By: Seungmin Yang, Guest Writer
Every Thursday, a meeting held by the Forensics Club happens in Mr. Kilgore’s room, in which lower secondary students may join for future KAIAC speech and debate competitions.
Contrary to the expectations of many lower secondary students, both competition and practices are open starting from seventh graders. “I would recommend this club for anyone”, says Ron Kim, the leader of the debate section of the team. The official grade limit of the team starts from seventh grade, which means that most lower secondary students may participate.
The benefits of participating in Forensics lie in the fact that speech and debate is a highly useful tool. “If you can learn this now, it will serve you for the rest of the life, and will serve you well”, said Mr.Kilgore, agreeing upon the benefit of Forensics. There are many instances that this skill will be useful, ranging from events from presentation to public debates.
However, it is true that Forensics is not the easiest thing. “The most important thing is to step out of your comfort zone”, recommended Mr.Kilgore.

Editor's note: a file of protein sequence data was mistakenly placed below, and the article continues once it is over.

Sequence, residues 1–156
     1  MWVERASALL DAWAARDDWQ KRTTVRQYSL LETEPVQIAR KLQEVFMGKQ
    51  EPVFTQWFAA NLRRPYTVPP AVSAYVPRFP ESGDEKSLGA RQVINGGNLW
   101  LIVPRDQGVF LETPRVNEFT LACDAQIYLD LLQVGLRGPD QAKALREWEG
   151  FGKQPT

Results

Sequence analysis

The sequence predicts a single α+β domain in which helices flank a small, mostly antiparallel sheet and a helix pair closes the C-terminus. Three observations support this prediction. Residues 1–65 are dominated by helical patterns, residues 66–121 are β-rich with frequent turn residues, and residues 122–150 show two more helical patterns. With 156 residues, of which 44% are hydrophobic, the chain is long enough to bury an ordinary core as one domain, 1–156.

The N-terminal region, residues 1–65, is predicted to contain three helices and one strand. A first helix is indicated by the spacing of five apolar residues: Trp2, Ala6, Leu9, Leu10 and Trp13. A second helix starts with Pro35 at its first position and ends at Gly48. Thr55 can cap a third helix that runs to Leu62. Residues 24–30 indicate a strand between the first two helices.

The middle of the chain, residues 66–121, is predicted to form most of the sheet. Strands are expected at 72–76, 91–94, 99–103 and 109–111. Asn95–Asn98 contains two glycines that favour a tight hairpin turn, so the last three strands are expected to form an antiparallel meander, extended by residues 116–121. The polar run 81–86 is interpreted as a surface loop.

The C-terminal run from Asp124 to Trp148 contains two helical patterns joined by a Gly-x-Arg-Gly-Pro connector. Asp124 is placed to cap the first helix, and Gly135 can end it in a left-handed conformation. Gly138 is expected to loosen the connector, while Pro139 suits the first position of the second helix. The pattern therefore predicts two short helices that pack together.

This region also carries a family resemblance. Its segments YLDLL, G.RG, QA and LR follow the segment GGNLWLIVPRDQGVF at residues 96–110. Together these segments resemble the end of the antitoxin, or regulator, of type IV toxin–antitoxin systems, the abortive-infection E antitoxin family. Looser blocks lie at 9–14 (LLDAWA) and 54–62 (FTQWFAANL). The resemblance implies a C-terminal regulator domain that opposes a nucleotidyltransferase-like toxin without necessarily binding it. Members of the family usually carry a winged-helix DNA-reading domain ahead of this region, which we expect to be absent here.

“I am not scared with speech anymore only because I have been doing it for a long time”, said Lucas Lee, a forensics member. It is true that at first stepping out of the area of comfort is difficult.
Currently, there are several lower secondary members in the forensics team. “There are few”, said Mr.Kilgore. Nonetheless, they do participate.
For forensics beginners, especially Lower secondary students, Mr.Kilgore proposes two things; continuous practice and getting more accustomed with the idea of public speech. “Practice, Practice, Practice”, says Mr.Kilgore. With practice comes confidence and skill, which leads to success in Forensics.